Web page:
Friday, June 08, 2012

ANCIENT IRON at Goderich Celtic Festival

This year marks the 20th anniversary of the Celtic Festival. (August 10 - 12, 2012)
At this point I am the only artisan to have attended every single year since the start. Over the years I have also been a feature demonstrator, illustrating some aspect of historic metalworking methods Saturday and Sunday afternoons.  I have also taught at the associated Celtic College every year it has been in operation. (August 6 - 9)

Those in regular attendance at the Festival have seen how I have slowly incorporated elements of history and experimental archaeology into my presentations. I feel it is necessary to understand the real past of Celtic culture, if we are to fully appreciate its modern expressions. The 'Celtic Roots' of the current visual arts are based on ancient objects. Knowing these forms, and understanding the physical techniques that created them, is fundamental to a true understanding of the Celtic World.
'St Padric's Bell Shrine'

Those who know me well also realize that I am the 'Norseman in the woodpile'. My initial interest in ancient artifacts and design was actually focused on Celtic Iron Age and the later 'Book of Kells' material cultures. But I got swept up in the Viking Age, and have concentrated my studies and work there. Perhaps not so curiously, my favourites among ancient objects come from the period circa 800 - 1000 from Ireland. At that time and place there was a collision  between Norse and Celtic, pagan and Christian, and the artistic styles reflect this blending. Both Celtic and Norse cultures were well known for the brilliance of their metalworking skills, and this also shows in these objects.

So this year I wanted to do something quite different.

Ancient Iron : Smelter to Forge in the Celtic Iron Age

Celtic College Course Proposal / Description
The Celts were one of the first primary 'Iron Age' cultures, with iron the materials for tools, weapons and decorative objects. How was iron actually made? Then having an iron bar, how did they work it?

Norse Sand Table Forge
This is an intensive program, limited to four students. A historic style charcoal ground pit forge will be built, using hand bellows for air, and small artifact type block anvils. Students will directly experience the challenges this equipment presents by making a number of simple objects. Work will include making a cloak broach and simple knife blade, working with actual antique wrought iron.

On the last day of the program, students will build an actual iron smelting furnace. They will also assist in preparing materials for a full demonstration smelt to take place Saturday at the Festival. This is a day long special event to mark the 20th anniversary, which interested students will be able to directly take part in.

Requirements: Students must wear long pants and closed shoes to class, other safety equipment will be provided.
Previous experience blacksmithing helpful, but not required.

Materials fee: There is an additional course fee of $20 (per student) to cover charcoal and wrought iron materials.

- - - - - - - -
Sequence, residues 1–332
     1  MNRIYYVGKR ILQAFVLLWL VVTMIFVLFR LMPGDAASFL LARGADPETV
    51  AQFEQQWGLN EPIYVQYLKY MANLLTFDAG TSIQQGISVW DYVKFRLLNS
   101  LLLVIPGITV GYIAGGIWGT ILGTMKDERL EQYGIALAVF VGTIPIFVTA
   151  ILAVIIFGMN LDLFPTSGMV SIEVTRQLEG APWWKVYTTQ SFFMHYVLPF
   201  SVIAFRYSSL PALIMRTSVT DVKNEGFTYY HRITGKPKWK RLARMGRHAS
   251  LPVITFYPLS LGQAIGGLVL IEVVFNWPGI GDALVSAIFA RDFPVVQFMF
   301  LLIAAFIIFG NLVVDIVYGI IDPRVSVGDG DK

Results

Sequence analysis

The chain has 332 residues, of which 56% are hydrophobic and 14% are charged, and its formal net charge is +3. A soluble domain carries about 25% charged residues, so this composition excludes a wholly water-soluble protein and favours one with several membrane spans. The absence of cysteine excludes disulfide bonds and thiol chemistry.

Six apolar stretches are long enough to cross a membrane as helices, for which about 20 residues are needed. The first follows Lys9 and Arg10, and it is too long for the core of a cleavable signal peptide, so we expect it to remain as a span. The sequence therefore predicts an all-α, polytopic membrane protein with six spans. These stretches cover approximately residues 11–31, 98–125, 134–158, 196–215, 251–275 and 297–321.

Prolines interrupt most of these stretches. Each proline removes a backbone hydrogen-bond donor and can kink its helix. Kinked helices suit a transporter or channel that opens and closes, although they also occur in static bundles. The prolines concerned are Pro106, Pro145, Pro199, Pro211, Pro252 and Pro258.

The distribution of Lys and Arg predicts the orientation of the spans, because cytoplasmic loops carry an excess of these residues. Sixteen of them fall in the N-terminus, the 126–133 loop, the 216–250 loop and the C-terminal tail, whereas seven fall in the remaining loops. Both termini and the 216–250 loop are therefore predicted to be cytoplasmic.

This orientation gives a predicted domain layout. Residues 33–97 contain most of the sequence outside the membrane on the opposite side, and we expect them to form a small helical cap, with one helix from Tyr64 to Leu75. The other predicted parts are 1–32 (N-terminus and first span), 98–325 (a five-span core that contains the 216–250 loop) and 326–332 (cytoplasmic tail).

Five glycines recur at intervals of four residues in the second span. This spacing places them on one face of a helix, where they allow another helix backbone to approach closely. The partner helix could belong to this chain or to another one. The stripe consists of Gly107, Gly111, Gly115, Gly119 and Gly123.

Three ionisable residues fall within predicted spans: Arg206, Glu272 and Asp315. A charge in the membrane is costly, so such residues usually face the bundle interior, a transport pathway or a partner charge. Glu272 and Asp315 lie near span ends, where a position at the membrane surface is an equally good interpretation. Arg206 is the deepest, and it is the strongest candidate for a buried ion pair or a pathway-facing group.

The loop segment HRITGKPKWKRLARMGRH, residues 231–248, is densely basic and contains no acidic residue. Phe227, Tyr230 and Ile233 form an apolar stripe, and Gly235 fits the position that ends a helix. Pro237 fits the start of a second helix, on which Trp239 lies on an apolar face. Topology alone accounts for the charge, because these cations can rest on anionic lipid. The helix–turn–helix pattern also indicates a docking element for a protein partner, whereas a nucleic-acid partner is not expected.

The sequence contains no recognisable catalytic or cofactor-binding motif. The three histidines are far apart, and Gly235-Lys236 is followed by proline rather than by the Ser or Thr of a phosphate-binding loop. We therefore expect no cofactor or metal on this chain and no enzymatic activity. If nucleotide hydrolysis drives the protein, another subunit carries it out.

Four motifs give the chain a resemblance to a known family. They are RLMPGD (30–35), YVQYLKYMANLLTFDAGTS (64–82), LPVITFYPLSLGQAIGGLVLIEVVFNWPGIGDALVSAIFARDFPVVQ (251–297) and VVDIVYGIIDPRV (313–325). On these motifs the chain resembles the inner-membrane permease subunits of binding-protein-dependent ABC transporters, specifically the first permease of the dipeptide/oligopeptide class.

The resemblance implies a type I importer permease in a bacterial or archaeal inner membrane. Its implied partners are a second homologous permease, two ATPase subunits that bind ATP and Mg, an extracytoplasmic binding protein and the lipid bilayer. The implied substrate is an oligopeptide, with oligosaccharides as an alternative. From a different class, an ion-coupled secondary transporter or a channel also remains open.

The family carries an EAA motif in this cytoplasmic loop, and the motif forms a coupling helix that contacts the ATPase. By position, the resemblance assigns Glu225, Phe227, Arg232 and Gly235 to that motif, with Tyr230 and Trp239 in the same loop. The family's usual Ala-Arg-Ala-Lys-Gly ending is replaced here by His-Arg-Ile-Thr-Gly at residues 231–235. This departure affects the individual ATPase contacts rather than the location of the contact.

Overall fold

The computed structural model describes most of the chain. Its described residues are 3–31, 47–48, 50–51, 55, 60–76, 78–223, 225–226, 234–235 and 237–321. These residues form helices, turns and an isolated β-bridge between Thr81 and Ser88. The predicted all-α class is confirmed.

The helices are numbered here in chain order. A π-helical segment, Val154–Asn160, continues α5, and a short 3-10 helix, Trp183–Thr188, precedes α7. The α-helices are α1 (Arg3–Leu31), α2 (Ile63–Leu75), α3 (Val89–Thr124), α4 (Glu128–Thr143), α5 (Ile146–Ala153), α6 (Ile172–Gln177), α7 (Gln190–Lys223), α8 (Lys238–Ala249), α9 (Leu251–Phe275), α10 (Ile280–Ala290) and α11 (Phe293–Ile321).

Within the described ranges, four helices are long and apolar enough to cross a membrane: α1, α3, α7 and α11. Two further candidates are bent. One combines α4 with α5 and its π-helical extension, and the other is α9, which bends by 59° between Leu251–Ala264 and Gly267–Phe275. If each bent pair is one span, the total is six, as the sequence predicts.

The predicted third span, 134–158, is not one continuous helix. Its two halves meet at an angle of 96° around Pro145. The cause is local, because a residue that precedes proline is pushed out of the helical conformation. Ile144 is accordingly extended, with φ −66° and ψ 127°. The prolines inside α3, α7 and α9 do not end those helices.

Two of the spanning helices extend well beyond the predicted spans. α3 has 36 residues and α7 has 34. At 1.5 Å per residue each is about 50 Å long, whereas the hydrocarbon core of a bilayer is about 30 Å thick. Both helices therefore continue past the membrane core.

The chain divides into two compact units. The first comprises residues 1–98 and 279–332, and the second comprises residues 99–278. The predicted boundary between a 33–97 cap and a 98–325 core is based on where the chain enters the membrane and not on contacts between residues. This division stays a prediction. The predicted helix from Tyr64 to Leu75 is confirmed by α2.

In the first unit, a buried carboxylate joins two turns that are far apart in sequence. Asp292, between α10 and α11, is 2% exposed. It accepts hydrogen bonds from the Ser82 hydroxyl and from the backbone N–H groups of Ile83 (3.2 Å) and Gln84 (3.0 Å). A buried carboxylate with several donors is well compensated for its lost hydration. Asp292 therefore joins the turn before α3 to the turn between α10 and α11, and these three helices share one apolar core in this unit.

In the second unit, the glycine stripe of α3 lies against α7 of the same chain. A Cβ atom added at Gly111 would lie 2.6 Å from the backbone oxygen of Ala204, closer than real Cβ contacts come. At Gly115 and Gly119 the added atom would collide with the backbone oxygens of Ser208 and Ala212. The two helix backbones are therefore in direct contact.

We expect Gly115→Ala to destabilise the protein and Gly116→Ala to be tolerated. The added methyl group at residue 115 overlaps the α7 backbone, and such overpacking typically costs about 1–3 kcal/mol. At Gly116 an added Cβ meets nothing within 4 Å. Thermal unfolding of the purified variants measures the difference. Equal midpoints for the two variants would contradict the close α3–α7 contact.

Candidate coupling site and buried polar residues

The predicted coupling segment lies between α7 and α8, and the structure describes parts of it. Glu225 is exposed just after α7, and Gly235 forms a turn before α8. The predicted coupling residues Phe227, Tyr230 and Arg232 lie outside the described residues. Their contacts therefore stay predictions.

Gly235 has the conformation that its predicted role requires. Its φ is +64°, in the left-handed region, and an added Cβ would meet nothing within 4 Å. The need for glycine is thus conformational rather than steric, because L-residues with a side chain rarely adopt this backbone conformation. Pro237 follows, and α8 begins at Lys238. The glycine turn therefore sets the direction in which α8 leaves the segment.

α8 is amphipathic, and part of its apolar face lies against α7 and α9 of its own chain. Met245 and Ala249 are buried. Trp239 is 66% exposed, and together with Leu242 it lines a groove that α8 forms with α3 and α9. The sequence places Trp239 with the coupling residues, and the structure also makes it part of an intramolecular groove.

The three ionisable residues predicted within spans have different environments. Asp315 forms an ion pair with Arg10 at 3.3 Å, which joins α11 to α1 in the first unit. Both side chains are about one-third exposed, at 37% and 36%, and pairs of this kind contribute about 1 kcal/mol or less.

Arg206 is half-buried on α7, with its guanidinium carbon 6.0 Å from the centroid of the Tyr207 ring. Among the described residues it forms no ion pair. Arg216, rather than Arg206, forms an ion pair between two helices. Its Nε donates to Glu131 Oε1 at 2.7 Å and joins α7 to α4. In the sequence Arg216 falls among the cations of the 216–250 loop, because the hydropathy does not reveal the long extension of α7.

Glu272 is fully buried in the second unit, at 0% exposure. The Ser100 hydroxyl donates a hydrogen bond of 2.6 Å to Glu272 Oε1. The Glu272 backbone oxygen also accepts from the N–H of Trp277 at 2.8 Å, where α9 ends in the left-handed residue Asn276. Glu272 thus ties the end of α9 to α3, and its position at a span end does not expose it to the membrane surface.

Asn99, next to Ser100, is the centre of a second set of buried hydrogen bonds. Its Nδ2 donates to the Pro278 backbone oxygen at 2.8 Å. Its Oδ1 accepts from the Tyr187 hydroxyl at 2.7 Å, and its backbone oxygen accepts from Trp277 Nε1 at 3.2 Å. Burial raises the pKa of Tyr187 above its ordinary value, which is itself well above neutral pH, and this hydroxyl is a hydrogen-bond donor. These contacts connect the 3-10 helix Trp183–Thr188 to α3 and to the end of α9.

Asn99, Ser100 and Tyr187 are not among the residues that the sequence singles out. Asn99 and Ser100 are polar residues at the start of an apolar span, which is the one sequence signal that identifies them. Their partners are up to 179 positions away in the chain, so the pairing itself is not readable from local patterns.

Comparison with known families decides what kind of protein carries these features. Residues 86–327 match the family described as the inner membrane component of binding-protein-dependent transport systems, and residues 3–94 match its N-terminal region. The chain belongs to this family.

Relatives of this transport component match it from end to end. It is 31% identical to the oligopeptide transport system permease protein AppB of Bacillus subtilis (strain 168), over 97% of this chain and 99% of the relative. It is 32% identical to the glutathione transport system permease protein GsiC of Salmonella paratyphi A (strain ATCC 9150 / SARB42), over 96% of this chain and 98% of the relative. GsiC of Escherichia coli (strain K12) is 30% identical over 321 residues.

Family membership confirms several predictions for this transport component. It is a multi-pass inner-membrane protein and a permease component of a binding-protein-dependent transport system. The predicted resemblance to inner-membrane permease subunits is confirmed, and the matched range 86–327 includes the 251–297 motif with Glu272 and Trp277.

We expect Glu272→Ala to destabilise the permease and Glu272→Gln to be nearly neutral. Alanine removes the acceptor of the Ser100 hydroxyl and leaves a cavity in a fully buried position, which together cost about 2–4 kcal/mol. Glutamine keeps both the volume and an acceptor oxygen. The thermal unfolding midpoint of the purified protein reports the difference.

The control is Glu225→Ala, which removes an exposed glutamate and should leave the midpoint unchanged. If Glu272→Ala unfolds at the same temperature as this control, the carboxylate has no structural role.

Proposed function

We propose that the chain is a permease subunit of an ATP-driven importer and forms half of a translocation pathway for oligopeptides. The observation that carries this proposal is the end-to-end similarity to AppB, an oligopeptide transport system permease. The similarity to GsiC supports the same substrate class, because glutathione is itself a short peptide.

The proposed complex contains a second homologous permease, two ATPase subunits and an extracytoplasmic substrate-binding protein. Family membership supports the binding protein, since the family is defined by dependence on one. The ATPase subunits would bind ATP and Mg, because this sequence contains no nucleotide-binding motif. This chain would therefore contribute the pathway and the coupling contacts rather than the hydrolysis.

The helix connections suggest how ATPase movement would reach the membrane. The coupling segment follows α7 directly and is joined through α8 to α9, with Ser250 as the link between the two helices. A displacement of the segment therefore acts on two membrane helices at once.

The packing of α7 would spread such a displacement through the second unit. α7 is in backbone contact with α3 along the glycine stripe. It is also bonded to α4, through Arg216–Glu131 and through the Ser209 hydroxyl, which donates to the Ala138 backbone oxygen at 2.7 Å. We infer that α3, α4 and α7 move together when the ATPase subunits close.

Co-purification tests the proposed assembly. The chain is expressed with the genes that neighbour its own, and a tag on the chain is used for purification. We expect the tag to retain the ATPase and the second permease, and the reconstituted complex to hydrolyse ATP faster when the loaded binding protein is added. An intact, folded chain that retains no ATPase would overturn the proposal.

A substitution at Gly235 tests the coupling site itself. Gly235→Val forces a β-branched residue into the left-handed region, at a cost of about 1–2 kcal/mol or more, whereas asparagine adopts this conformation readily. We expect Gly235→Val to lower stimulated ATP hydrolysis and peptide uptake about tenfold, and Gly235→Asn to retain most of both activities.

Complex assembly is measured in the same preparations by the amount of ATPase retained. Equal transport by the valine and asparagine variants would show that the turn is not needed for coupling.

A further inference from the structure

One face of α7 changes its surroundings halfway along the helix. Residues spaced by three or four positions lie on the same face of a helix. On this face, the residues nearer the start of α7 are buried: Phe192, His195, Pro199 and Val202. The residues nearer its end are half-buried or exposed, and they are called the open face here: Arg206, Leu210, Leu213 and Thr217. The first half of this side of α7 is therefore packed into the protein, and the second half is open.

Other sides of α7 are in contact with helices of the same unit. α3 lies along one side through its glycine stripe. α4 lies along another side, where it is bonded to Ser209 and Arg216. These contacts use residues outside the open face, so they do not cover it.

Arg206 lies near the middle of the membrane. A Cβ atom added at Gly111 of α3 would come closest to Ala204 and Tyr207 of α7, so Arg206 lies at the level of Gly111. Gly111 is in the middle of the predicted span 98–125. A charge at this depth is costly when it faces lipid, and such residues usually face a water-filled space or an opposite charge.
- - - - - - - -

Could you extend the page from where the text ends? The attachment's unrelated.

This will be a half day session, Monday through Thursday (exact time periods to be determined)

Those students interested in pre-booking this course should contact me via e-mail.
Physical Demonstration for Festival

Bloomery Iron Smelt

As in past years, the featured demonstration will echo the courses offered at the Celtic College. A cornerstone for Festival goers, Darrell's ongoing demonstrations on Saturday and Sunday afternoon always educate and entertain.

Although best known from their cast bronze artifacts, the Celts were one of the first primary Iron Age cultures. It was iron, forged into tools and weapons, which allowed the Celts to have such a dramatic impact on all of Europe.
Extracting the Bloom
But just how did they make iron in the first place? I turns out that the exact processes used by the ancients are unknown, for our modern methods are vastly different. To mark the 20th Anniversary of the Earth, Air, Fire and Water Festival, a unique demonstration is planned. One which will employ these forces at their most elemental level.
Drawing on over a decade of experimental archaeology research, a team will build, prepare, then fire, an ancient styled bloomery iron furnace. This process will take some 8 hours, culminating in the extraction of 5 - 10 kg white hot bloom mass.
Supported by individuals from the Dark Ages Re-creation Company, Darrell is the single most experienced 'iron master' in Canada, and one of the very few working with these techniques in North America.

The Celtic College program outlined above is a ambitious one,  representing an absolutely unique learning opportunity. For the program to go ahead, a minimum of * four registered students * will be required.

The iron smelt at the Festival itself will be undertaken reguardless of this. To ate, this will be only the * fourth time in Canada * this type of demonstration has been mounted at a major public event.

Hope to see you there!

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February 15 - May 15, 2012 : Supported by a Crafts Projects - Creation and Development Grant

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